The Irish Times – Tuesday, November 3, 2009
by ÁILÍN QUINLAN
THEIR DREAM is to have a flying doctor-type service for the sprawling terrain in which they live, but so far one small community has helped save 11 lives with a special accident and emergency vehicle.
The West Cork Rapid Response service was established last March by a group of residents who decided their far-flung region needed extra emergency medical cover.
“If you live in a remote part of west Cork you could be two hours away from accident and emergency help,” explained spokesman and Baltimore-based businessman, John Kearney.
“There are four ambulances based in the region, but there can be times when two or even three of them are already busy.”
Long term, he said, the group aims to get a flying doctor-style helicopter service up and running, but they’ve started with a 4X4 operating out of Bantry which is staffed by volunteer doctors and carries vital medical equipment. The vehicle, which cost around €100,000 to purchase and equip – about €70,000 of which was grant-aided by the Department of Community Rural and Gaeltacht Affairs and the rest raised locally – went into operation last March under the 999 emergency call-out system following negotiations with the HSE.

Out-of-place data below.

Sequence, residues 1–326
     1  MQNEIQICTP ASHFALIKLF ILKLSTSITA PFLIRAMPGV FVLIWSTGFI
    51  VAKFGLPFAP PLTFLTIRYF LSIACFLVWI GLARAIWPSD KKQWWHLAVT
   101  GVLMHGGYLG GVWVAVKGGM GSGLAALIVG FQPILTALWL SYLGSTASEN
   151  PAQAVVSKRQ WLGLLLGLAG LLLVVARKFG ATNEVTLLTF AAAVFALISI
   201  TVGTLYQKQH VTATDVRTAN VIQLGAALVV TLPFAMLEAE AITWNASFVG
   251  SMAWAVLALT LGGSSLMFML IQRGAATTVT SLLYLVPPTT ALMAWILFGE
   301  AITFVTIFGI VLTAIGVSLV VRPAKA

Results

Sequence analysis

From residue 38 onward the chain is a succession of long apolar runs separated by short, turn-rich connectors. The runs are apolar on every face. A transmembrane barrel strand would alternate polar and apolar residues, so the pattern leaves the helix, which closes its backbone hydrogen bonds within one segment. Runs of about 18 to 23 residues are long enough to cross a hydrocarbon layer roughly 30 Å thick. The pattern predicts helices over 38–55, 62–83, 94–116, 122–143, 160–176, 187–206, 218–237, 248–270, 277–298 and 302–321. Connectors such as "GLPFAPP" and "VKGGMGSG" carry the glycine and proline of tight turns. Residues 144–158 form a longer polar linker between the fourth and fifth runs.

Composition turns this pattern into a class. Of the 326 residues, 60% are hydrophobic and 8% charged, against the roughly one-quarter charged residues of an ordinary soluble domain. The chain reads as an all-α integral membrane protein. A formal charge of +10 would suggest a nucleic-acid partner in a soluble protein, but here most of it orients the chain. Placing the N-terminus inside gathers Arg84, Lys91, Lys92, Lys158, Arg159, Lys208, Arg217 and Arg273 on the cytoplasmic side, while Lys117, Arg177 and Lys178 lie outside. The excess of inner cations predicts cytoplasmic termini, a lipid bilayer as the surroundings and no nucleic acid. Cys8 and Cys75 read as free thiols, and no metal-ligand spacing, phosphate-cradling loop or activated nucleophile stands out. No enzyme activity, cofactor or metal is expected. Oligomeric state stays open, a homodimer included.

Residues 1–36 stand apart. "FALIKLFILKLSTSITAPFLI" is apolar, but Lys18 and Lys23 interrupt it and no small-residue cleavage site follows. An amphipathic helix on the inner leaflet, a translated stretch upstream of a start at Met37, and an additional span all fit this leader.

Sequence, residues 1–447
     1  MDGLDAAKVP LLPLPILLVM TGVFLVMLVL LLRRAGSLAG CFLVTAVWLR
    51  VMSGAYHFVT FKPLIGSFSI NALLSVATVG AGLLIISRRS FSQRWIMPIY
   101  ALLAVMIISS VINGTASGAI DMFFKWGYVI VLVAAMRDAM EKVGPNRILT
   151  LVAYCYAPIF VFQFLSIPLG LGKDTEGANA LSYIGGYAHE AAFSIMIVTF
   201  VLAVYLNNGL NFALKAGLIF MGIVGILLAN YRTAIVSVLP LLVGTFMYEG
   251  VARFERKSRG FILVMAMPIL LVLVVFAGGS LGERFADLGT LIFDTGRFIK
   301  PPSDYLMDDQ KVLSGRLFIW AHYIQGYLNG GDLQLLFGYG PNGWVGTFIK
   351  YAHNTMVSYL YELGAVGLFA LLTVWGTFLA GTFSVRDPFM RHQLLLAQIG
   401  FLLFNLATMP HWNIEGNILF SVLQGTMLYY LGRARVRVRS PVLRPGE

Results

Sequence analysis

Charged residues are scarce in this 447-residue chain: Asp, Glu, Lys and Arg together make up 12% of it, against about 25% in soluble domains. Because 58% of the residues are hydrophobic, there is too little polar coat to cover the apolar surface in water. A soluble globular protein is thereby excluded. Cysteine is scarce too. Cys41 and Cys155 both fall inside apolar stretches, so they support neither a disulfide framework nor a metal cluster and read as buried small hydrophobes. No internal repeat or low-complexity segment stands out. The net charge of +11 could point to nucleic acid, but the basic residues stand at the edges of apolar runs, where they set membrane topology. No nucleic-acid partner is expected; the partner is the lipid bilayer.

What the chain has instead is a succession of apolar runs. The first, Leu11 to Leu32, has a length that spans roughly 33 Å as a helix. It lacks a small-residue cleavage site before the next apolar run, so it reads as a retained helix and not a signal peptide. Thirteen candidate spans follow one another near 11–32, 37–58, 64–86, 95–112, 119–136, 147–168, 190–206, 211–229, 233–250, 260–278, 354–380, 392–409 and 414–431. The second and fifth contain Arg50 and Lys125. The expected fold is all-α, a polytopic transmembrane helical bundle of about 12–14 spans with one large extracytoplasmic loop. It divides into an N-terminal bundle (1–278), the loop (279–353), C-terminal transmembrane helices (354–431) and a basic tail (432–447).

The SUV is on call four to five days a week and can generally get to a scene within 45 minutes, said Mr Kearney.
“We have one or two doctors available on a part-time basis, while a number of GPs are currently up-skilling in AE techniques.
“Ultimately, we hope to have a full roster of doctors available on a 24-hour call-out rota, but at the moment we are operating on an availability basis.
“We’re contacted through the 999 system and if we’re on service we’ll be dispatched. We’re currently operating four or five days a week, but hope to build up to a seven-day roster.”
Between March and September, the service took part in 60 call-outs. “We were called out to help everyone from babies to teenagers, adults and the elderly and dealt with everything from heart attacks to road traffic, domestic and marine accidents,” said Mr Kearney.
The service – to be formally launched in Bantry by Community Rural and Gaeltacht Affairs Minister Eamon Ó Cuív on Friday November 20th – depends heavily on volunteers.
“It wouldn’t be possible without the GPs who give up their time and the dedicated committee members who do everything from fundraising to managing the rota system,” he added.